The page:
Catherine Gracey

Living Life, One Misadventure At A Time.

Change Your Questions

on November 24, 2015

A few weeks ago I woke up in the morning and my mind wasn’t hammering me with a thousand thoughts at once. There was a blessed internal silence that mirrored the peace around me. I was surprised but I enjoyed the moment, because I knew that it might not last.

For years I have put off making hundreds of decisions. Big, small, or somewhere in between, every day a few new decisions have been added to the list. Normally I am a decisive person, so watching myself drown in indecision has been bewildering. I tried every psychological trick I could think of to improve my motivation. I’ve promised myself rewards for getting certain things done. I’ve threatened myself with punishments for failing to sort things out. I’ve written lists, experimented with clothing, and bought new office furniture.

None of the tricks helped beyond the novelty wearing off, but they did leave me wondering if I am not as capable as I believed I am. Could I just be a flake? Maybe I don’t have myself sorted out. Perhaps I am failing as an adult. Or is it simply that I’m lazy, irresponsible, and drifting through life waiting for someone else to bail me out?

No matter how negative my self-talk became, I wasn’t prepared to decide that the insidious questions were correct. The people around me were complaining about how hard I was working, so I couldn’t be lazy. I’ve spent years working on the same project with obsessive determination, so I can’t be a flake. I’ve learned too much in the pursuit of my goals to even pretend that I’m waiting for other people to bail me out.

So what was the underlying problem?

That question changed everything, because it led me to better questions. The problem was that I wasn’t making decisions. Why wasn’t I making decisions? Because I felt as if I didn’t have enough information to make good decisions, and that any decisions I made would be terrible and unchangeable. I realised that I expected to fail, to fail often, and that I wouldn’t be able to correct my mistakes once I saw them for what they were. At that point I stopped asking myself what the best possible decision would be, and how I would fix any mistakes that I had made.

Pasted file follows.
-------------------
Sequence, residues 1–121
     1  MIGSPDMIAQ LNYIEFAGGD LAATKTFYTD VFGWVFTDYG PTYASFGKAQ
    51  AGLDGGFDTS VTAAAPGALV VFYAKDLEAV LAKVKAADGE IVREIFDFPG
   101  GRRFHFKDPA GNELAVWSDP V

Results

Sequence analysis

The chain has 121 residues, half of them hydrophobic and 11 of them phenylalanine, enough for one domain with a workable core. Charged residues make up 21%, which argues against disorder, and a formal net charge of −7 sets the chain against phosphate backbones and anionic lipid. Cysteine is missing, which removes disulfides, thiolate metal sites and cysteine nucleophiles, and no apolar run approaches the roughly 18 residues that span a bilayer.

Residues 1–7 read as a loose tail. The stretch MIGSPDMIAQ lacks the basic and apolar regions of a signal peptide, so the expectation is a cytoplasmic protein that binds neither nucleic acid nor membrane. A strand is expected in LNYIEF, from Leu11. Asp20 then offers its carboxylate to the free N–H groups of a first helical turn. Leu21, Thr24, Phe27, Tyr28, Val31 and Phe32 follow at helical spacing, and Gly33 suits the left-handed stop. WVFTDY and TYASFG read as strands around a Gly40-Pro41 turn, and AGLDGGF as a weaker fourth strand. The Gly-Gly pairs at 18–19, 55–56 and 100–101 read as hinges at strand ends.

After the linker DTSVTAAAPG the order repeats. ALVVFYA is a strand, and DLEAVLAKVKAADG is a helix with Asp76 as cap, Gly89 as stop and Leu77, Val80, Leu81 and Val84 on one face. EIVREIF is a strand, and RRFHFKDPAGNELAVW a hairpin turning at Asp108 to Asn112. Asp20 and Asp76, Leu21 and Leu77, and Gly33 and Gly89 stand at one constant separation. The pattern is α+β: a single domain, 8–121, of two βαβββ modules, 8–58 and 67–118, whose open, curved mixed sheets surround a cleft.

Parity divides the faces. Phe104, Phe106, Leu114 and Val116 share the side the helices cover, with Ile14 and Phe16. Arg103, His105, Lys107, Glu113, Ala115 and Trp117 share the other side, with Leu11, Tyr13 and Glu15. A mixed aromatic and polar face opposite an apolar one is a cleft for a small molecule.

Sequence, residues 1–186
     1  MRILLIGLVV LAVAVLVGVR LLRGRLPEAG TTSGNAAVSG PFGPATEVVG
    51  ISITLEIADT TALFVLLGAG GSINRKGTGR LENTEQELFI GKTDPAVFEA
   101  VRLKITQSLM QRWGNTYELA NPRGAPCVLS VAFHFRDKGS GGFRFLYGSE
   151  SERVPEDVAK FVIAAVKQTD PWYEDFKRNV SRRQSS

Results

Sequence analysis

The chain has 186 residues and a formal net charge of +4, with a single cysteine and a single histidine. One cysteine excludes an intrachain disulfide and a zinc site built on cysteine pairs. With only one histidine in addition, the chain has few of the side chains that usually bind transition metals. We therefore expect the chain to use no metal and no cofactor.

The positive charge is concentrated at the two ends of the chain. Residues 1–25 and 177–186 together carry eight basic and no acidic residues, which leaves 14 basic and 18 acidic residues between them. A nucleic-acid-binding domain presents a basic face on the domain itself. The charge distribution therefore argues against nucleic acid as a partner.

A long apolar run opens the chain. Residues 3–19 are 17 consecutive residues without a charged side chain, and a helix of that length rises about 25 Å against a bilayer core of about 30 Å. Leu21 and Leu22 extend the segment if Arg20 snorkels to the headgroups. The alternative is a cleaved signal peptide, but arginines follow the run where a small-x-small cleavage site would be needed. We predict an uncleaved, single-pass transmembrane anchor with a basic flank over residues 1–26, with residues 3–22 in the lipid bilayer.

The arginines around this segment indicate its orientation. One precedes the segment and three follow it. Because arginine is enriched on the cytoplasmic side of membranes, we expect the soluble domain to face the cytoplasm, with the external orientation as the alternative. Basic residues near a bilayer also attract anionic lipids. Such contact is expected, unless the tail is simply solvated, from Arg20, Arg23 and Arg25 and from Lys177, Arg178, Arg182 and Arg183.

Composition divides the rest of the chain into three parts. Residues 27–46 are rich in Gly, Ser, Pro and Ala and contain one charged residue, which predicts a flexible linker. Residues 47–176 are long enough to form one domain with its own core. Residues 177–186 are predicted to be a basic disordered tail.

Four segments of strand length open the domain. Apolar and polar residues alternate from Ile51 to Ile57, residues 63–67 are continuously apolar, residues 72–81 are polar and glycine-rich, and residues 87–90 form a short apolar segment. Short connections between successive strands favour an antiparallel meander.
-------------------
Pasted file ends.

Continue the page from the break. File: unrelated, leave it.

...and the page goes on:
The interesting thing about learning how to fix a mistake is that it is based on a few criteria. Firstly, you have to know exactly what the mistake is that you made. Mistakes are very specific, but success is often nebulous and difficult to define. Secondly, knowing what your mistake was implies that you now have a better plan, so acting on it will make your position stronger. Thirdly, learning how to fix a mistake usually teaches you how to take action in the first place. Asking how to change your appointment time is much easier than asking what the perfect appointment time would be, and you’ll learn how to book appointments in the first place.

Now when I catch myself procrastinating I take a five minute time out. I walk away from what I am doing and find a task that keeps my hands busy while my mind is free. Getting something finished breaks me out of the feeling that I’ve been wasting my time, and it gives me a chance to ask myself what the problem is. Usually I am doing one of two things; either I am focusing on the big picture instead of the small, for instance trying to work out how an entire software library works instead of starting with just the functions that I need to call, or I am fixated on the small picture instead of the big, such as worrying about stationery that costs $10 and ignoring expenses where I could potentially save $1000.

I still have a lot to sort out, but many things that have dragged on for years are now resolved. Dreams have become goals, opportunities have been created, and I can look at my achievements with satisfaction again.

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